My mother was always a devout Catholic, one of the biggest influences on my life and an all around remarkable woman. My father died when I was six years old leaving her to raise me and my sister as a single mother in the early 90s. Still, she managed to devote as much time as possible to us and still play an active role in the church and her community.
In 1991 when I was about 8 years old, our house burned down along with everything in it. I was young and it happened so fast so I don’t remember every detail, but I do remember my mom frantically yelling at me and my sister to get out while the living room was engulfed in flames. It happened around 2:00 a.m. and the house was gone in an hour. We didn’t have any relatives near by so the police drove us to a hotel close to church.
Remember when I said my mother was devout? We had never missed a 7:00 a.m. Sunday mass in all my years of existence and probably hers as well. Despite everything that had happened just hours before, she was more determined than ever to worship and be with her brothers and sisters at church.
Here’s where the vanity part comes in. When the fire ravaged through the house, nothing was spared. The makeup table where she meticulously made her face every morning, gone. Her closet filled with the beautiful dresses she was known for, gone. Her jewelry collection passed down from her mother, mostly gone as well. Since the fire happened in the middle of the night, all we had to wear was the bedclothes we had on at the time of the fire. Now, my mom was no shabby dresser. She always made an effort to look her best even when she was just going for groceries. To see her walk into church barefoot, barefaced, and in her nightgown was one of the most surreal moments of my childhood. My sister and I were obviously in a similar state but I was just happy to not to have to get dressed up for once on Sunday. At the time, the experience of going to church right after the incident and seeing the sympathy everyone had was only a minor part of a blurry memory. As I’ve gotten older though, that has changed. The image of my usually chic mother in her nightgown that day has forever been ingrained into my mind. Whenever I was feeling self conscious as a teen and later in life, I remembered how my mother looked that day. She wasn’t ashamed or embarrassed of the way she looked, she carried herself with dignity and pushed through that miserable day the best she could. In that moment, she was the most elegant I had ever seen her, clothed not in a fancy dress but in the love of God.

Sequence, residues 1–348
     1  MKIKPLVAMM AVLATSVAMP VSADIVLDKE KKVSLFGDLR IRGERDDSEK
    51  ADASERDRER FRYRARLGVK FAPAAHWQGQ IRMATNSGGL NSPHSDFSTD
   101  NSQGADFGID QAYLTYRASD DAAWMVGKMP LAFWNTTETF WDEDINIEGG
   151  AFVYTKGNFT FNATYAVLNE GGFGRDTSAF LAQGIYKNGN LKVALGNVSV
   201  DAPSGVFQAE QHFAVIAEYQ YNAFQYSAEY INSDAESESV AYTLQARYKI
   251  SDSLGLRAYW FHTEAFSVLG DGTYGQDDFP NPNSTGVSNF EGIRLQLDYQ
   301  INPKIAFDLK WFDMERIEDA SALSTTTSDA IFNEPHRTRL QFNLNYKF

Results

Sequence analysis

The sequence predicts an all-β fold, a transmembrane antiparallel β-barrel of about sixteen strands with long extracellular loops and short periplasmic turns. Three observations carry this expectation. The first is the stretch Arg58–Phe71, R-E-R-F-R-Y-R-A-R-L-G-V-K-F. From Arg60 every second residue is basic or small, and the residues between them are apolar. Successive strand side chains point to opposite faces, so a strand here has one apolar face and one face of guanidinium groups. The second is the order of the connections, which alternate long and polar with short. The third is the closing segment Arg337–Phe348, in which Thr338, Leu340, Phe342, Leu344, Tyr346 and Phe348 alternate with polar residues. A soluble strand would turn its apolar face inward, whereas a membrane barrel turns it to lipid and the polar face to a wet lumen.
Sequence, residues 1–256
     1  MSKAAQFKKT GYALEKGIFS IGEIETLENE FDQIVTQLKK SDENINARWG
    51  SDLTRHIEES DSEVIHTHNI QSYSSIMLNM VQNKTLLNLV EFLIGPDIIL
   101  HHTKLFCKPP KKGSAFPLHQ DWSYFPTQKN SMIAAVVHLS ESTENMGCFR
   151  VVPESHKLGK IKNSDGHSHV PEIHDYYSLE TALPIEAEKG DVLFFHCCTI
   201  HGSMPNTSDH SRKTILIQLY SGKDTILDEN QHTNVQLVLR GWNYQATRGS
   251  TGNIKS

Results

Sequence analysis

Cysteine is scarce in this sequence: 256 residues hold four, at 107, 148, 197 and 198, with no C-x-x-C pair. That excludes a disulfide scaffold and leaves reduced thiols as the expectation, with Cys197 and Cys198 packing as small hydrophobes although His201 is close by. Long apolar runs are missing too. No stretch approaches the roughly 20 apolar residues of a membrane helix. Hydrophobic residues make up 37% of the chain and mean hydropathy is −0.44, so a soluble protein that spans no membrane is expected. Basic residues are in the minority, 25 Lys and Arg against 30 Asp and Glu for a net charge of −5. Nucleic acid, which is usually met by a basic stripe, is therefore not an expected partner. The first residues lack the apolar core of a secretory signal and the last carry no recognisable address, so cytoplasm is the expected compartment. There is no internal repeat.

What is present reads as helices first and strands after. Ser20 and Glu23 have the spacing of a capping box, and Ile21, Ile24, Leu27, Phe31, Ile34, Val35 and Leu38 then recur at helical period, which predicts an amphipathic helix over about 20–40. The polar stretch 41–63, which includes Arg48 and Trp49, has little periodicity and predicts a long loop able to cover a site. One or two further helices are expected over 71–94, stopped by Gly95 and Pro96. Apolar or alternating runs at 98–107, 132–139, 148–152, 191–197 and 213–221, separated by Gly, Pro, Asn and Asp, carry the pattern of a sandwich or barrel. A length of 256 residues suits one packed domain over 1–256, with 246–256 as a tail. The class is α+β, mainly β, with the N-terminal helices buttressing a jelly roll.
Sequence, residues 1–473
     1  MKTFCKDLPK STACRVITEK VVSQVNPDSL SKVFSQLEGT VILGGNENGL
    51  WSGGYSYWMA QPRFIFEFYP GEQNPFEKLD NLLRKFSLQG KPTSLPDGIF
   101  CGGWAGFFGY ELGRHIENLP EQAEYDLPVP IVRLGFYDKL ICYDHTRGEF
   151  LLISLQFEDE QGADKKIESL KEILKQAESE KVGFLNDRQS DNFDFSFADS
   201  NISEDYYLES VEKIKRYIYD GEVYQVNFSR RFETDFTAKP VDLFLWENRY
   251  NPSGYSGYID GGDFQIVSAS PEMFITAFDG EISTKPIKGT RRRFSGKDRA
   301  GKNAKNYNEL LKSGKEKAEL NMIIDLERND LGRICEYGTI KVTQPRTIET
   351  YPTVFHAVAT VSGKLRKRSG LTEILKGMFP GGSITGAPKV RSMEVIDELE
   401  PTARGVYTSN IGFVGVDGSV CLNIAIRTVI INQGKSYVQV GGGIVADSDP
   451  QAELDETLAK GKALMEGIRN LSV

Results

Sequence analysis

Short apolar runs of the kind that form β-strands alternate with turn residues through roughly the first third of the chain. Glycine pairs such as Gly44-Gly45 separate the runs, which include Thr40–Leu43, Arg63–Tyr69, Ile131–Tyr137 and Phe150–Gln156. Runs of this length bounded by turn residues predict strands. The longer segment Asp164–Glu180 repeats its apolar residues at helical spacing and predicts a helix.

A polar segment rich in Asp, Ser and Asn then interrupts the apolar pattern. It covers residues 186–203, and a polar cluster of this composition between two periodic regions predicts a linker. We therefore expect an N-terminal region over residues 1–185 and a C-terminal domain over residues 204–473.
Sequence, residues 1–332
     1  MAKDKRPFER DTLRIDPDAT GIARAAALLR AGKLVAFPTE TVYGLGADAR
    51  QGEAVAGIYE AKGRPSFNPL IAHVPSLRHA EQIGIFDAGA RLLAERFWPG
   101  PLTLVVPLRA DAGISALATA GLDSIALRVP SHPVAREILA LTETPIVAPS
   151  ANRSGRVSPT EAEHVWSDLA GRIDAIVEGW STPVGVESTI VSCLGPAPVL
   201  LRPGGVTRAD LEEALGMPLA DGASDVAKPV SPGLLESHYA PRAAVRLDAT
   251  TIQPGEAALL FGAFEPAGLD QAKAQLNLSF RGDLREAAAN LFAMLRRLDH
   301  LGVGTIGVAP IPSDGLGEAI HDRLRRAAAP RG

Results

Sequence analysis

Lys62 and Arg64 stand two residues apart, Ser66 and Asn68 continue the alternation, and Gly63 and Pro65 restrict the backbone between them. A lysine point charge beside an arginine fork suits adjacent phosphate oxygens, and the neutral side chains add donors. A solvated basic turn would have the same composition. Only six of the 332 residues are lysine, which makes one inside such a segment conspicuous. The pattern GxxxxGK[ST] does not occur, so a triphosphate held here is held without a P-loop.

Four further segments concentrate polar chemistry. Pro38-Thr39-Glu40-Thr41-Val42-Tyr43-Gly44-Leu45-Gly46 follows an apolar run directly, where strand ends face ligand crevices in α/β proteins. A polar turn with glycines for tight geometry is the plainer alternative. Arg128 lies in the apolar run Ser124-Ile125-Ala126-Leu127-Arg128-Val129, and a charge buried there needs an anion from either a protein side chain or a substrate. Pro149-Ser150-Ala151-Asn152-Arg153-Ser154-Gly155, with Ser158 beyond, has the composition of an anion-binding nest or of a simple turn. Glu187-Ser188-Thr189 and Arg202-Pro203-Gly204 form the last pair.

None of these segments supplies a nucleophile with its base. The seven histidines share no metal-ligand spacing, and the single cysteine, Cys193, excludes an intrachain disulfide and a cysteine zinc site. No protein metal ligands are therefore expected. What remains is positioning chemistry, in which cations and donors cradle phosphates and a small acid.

If there’s one thing I want people and especially Catholic women to take from this story, it’s that physical appearances really don’t matter in the scheme of things. As hard as it may be going out not looking your best, there is no person worth having in your life who thinks less of you because of the way you look. God loves you and made you more beautiful than you’ll ever imagine. As long as you have a love of God in your heart, you will never be truly bare.